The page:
- The Washington Times - Friday, July 13, 2007

The tale of Dieter Dengler, a German-born U.S. Navy pilot who miraculously escaped a Laotian POW camp, may sound like just another war story to some people.

To filmmaker Werner Herzog (“Grizzly Man,” “Aguirre, The Wrath of God”), however, it’s the quintessential tale of survival against all odds. Of honor and friendship. Of the qualities that he admires most in Americans.

It formed the basis of his 1997 documentary, “Little Dieter Needs to Fly,” and now, it’s been dramatically re-created and spiked with additional details in “Rescue Dawn.”

Christian Bale (last seen in “The Prestige”) stars as the proud protagonist, who’s barely on the aircraft carrier long enough to get his mosquito gear stitched up before he embarks on an aerial mission along the North Vietnam-Laos border.

After some dramatic footage of actual bombs torching the lush, green countryside (which Mr. Herzog obtained from the National Archives), Dieter’s plane crashes into the isolated jungles of Laos.

Eventually, he falls prey to a group of Pathet Lao soldiers who promise to free him if he’ll sign a statement decrying the American military, but he’s far too loyal to even consider that (a sentiment that Mr. Bale nails, down to his deliberately delivered speech). As expected, his refusal results in brutal torture and banishment to a dismal POW camp.

There, Dieter encounters a broken man Duane (Steve Zahn in a fine and rare dramatic performance), paranoid Gene (Jeremy Davies) and several other prisoners who are passively awaiting either rescue or death.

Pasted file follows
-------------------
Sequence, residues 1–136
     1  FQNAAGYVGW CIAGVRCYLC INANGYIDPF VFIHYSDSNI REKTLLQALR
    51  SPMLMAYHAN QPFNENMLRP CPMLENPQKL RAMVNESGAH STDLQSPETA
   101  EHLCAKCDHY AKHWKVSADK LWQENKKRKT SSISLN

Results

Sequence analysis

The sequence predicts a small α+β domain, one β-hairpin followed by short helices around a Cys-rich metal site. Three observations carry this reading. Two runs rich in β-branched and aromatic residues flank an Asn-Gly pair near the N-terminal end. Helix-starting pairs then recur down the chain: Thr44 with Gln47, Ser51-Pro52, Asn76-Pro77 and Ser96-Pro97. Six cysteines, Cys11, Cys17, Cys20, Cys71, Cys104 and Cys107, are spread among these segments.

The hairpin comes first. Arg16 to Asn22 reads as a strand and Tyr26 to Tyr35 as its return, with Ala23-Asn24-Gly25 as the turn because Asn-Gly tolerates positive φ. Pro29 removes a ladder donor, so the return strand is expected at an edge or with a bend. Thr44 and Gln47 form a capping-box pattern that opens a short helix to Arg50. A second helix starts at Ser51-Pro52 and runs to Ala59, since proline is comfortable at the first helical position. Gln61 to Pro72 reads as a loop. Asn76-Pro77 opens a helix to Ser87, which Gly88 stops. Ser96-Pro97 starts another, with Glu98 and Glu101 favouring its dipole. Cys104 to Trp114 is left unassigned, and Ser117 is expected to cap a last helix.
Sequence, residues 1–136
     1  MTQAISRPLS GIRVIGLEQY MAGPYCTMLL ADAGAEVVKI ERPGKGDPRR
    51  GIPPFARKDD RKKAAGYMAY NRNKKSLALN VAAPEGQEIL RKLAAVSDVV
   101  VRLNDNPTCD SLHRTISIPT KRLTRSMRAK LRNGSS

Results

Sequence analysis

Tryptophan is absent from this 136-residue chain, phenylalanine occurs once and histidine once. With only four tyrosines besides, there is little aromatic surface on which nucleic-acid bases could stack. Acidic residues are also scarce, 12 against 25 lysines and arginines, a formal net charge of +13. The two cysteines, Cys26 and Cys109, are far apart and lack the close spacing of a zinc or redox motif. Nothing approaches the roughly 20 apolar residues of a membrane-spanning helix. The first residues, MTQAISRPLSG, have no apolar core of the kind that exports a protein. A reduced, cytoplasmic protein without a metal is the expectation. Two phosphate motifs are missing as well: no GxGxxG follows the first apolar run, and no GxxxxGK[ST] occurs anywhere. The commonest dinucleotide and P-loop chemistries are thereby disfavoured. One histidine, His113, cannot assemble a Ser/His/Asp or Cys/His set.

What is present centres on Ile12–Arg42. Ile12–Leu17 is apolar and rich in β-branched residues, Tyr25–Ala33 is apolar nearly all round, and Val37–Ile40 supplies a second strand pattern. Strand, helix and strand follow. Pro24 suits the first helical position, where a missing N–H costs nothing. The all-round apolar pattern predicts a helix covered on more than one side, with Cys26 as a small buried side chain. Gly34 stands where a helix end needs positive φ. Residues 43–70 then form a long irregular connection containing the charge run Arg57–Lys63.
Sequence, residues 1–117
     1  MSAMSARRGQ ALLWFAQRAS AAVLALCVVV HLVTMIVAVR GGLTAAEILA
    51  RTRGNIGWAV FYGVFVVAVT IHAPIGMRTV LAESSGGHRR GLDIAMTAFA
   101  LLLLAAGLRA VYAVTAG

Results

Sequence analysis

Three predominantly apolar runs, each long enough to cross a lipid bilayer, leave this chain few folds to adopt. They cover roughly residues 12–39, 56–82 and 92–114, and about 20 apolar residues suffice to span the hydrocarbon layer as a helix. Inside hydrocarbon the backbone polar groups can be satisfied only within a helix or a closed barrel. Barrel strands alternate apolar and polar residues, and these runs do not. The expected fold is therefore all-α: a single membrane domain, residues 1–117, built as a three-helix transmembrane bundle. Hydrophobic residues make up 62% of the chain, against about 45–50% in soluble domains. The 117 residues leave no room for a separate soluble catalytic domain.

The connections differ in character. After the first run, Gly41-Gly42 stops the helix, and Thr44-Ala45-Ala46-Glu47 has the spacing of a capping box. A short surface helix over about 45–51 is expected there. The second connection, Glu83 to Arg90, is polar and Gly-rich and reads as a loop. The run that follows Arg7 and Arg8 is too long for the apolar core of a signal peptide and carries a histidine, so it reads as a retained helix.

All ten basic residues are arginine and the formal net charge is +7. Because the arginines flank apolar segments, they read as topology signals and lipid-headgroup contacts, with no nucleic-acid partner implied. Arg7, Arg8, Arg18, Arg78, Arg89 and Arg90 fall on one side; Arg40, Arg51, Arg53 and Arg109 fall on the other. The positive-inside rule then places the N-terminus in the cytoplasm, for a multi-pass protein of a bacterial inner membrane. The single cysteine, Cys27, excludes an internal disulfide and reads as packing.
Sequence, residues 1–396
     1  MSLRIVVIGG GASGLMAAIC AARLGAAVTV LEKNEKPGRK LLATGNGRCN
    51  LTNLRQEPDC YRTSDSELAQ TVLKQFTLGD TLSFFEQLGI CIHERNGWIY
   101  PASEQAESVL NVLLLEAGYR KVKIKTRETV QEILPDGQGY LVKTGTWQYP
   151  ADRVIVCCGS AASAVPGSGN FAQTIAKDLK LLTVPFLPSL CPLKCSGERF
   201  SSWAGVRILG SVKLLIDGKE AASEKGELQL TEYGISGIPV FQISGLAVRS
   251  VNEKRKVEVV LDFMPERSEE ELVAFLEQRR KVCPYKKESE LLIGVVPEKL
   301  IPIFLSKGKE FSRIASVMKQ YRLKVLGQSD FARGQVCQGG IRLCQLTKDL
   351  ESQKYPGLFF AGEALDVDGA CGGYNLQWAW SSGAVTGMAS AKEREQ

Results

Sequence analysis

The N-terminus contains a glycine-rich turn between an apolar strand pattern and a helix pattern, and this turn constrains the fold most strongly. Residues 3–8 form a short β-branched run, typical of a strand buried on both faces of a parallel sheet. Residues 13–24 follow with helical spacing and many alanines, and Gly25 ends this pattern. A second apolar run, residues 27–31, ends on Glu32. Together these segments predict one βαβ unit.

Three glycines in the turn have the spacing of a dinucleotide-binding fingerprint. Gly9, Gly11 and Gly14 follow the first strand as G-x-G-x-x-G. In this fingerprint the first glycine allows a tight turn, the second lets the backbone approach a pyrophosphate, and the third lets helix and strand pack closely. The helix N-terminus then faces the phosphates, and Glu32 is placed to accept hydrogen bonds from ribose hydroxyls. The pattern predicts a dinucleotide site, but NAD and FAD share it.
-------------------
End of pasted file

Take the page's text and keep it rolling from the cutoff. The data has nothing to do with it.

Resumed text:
While the Grim Reaper breathes in his face in the form of harsh captors, dysentery and starvation, the ever-optimistic Dieter begins to devise an escape plan for the detainees and puts it in action one day when he can wait no longer.

Suddenly, he and Duane find themselves lost in the jungle, facing new perils (the man versus nature theme that often surfaces in Mr. Herzog’s films). Dieter remains hopeful that a U.S. chopper will soon swoop in and ferry them to safety, but has no idea how bleak the prospects are, given America’s refusal to acknowledge any military operations in Laos.

It’s a powerful, perilous journey that Mr. Herzog takes viewers on, and one that doesn’t bog itself down with too much historical or political context (and that essentially reduces the native Asians to the sum of their violent, gun-toting parts). Instead, it focuses on the dramatic personal strugggle at the story’s heart.

There are hard-to-swallow scenes: prisoners forced to eat worms, men sleeping in their own excrement, Dieter devouring a live snake when there literally is nothing else to consume.

But Mr. Herzog finds plenty of beauty here, too.

He presents it visually, in the form of carefully composed shots of verdant vistas, or actions like a child dangling a beetle on a string. He also presents it through dialogue, as in Duane’s grand daydream of a stocked refrigerator. Most importantly, his well-crafted film presents it thematically, through the poignant story of one man’s overwhelming will to survive. That is, indeed, a beautiful thing.

THREE STARS TITLE: “Rescue Dawn” RATING: PG-13 (for some scenes of intense war violence and torture) CREDITS: Written and directed by Werner Herzog. RUNNING TIME: 126 minutes WEB SITE: http://rescuedawn.mgm.com MAXIMUM RATING: FOUR STARS

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